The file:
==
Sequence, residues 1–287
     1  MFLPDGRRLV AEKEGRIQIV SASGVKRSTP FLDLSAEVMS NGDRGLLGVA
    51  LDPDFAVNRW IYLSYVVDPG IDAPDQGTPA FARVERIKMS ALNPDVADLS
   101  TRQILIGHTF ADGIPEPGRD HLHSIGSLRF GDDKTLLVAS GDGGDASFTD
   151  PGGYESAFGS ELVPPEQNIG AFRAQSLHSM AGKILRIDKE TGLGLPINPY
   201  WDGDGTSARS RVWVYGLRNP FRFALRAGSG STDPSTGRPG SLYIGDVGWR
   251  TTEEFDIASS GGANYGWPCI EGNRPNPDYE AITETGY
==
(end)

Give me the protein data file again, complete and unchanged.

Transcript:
Sequence, residues 1–287
     1  MFLPDGRRLV AEKEGRIQIV SASGVKRSTP FLDLSAEVMS NGDRGLLGVA
    51  LDPDFAVNRW IYLSYVVDPG IDAPDQGTPA FARVERIKMS ALNPDVADLS
   101  TRQILIGHTF ADGIPEPGRD HLHSIGSLRF GDDKTLLVAS GDGGDASFTD
   151  PGGYESAFGS ELVPPEQNIG AFRAQSLHSM AGKILRIDKE TGLGLPINPY
   201  WDGDGTSARS RVWVYGLRNP FRFALRAGSG STDPSTGRPG SLYIGDVGWR
   251  TTEEFDIASS GGANYGWPCI EGNRPNPDYE AITETGY